General Electric will acquire the major assets of the largest US-owned maker of solar equipment, in a move the solar power industry sees as a major vote of confidence in the business.
A federal bankruptcy court judge in Delaware on Friday approved GE's plan to buy the bulk of AstroPower for US$15 million in cash and an estimated US$3.5 million in debt, along with other liabilities to be settled when the deal closes at the end of the month. It would be the most decisive step yet by GE into the so-far unprofitable business of generating electricity from sunlight, a field in which GE researchers have dabbled for nearly half a century.
Previously, GE confined its growing interest in this field, known as photovoltaics, to modest increases in research spending and the quiet acquisition 18 months ago, for an undisclosed sum, of Railway Technology Inc, which makes a line of solar-powered railroad switches.
GE on Friday declined to discuss its plans for AstroPower. By GE standards, the acquisition is a modest bet. The cost will be but a half-day's earnings for the company, which had net income last year of US$15 billion on revenue of more than US$134 billion. But if the investment looks miniscule from a Wall Street perspective, it is still enough to excite many people involved with solar energy.
"It shows we are a mainstream industry, or moving that way," said Bob Kenedi, general manager of the solar systems division of Sharp Electronics, a US subsidiary of the Sharp Corporation of Japan.
Sharp has emerged as the clear market leader in solar power equipment, with a sixfold increase in production since 1999.
Worldwide, annual revenue from solar power equipment and installation, which reached US$4.7 billion last year, will climb to US$30.8 billion in 2013, according to a recent forecast from Clean Edge, a market research firm in San Francisco.
Solar energy is profitable in numerous niche markets, including powering satellites and providing electricity for oil rigs and devices like rural water pumps, road signs and emergency telephones that cannot be conveniently linked to power grids. But it is still regarded as too expensive to be widely adopted for powering homes and businesses now supplied by utilities. That has left even deep-pocketed manufacturers like Sharp, Sanyo Electric, the Kyocera Corporation and the solar subsidiaries of BP and Shell dependent on governments and power companies to subsidize sales.
None of the major players claims to be profitable, and some former participants in the industry remain dismissive about the potential of solar power. But analysts and solar manufacturers figure GE is responding to signs that rising prices for hydrocarbon-based fuels and improvements in solar products and manufacturing technology have laid the foundation for large-scale producers to finally start making steady profits -- even as major supporters like the Japanese government and California reduce subsidies to consumers.
"We're in line for our best year yet," said Steven Westwell, president and chief executive of BP Solar, which entered the industry 30 years ago and hopes to become profitable this year. Demand in California, the leading US market, is so strong that state subsidies for solar equipment purchases could be used up by September, he said.
Still, in an industry that has frequently disappointed its advocates, Westwell and analysts have no trouble imagining ways that trouble could strike again. By the end of the year, they said, the industry could be hurt by overcapacity because so many new solar cell manufacturing projects are under way. The industry also could be hit by rising prices for silicon -- the basic ingredient in most photovoltaic cells -- because manufacturers of the raw materials have been slower to add capacity. Most of them view supplying the solar industry as a sideline to making more expensive silicon products for the computer and consumer electronics industry.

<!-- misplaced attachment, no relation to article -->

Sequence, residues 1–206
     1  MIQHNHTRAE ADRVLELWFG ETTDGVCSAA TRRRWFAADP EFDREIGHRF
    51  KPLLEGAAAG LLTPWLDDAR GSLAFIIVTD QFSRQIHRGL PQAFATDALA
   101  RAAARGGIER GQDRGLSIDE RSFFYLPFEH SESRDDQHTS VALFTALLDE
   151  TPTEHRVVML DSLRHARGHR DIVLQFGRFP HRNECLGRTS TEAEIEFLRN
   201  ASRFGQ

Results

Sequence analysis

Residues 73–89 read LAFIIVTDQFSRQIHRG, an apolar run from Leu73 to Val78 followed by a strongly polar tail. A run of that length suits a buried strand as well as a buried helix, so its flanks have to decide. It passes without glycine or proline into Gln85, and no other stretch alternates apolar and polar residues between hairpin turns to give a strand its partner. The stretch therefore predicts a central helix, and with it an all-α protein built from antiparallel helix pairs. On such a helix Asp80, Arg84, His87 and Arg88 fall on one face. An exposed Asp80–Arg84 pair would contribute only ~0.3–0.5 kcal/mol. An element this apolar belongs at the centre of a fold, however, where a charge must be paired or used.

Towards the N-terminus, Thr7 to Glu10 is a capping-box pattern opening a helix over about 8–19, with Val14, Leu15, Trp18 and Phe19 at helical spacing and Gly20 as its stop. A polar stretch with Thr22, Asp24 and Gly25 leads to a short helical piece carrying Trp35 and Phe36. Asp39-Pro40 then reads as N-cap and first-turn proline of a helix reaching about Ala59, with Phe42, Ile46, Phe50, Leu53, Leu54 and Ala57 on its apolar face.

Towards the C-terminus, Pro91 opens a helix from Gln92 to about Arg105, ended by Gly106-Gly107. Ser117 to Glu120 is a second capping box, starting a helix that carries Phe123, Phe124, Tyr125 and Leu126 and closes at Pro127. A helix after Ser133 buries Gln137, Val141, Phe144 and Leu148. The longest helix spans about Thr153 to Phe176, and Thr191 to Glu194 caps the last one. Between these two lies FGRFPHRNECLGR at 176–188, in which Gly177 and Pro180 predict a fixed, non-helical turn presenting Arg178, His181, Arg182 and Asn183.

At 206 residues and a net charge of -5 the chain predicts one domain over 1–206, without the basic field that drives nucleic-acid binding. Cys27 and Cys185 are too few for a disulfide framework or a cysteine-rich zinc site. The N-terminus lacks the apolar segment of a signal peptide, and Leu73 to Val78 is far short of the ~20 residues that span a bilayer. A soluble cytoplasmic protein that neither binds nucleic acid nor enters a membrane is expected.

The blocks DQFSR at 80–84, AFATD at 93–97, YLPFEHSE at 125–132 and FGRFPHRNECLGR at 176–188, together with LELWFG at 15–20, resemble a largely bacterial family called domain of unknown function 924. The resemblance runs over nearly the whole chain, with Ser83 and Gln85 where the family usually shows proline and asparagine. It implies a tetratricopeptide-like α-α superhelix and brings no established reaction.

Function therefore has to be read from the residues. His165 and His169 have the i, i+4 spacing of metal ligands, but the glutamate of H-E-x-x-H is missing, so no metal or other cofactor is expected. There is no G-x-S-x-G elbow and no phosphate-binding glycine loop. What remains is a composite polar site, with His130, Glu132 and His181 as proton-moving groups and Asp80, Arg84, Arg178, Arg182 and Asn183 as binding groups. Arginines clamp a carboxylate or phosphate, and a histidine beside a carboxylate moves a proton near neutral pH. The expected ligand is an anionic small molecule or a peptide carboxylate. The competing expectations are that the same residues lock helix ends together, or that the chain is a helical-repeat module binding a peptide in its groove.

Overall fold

GE's long-term goals for solar energy would make such concerns irrelevant. Its recent attention to photovoltaics grew out of research on light-emitting plastics. Feeding electricity into such plastics creates light, but researchers knew that they could also do the reverse -- use light to create electricity.
As they began to look more closely at developments in the photovoltaics market, GE researchers also realized that they had expertise to apply to silicon designs that could pay off even if the plastics project ultimately failed. And pursuing the technology supported the goal of Jeffrey Immelt, GE's chairman and chief executive, to become a leader in markets based on renewable-energy technology and energy efficiency, including wind power, fuel cells, hydrogen storage and microturbines.
"If you say you are doing renewables, and you are not doing photovoltaics, you are missing a huge part of it," said Anil Duggal, head of GE's light-energy conversion research program.
The Czech Republic’s Senate on Wednesday passed a resolution that supports a possible visit by the senate president to Taiwan. The resolution, initiated by Czech Senator Pavel Fischer, was passed with 50 votes in favor, one against and one abstention. The resolution blasts Beijing for having its Prague embassy send a letter to former Czech Senate president Jaroslav Kubera earlier this year threatening repercussions for Czech businesses if he visited Taiwan. The resolution shows the Senate’s support for a visit to Taiwan by Senate President Milos Vystrcil, accompanied by Czech business representatives, as the visit would be in the diplomatic long-term interests
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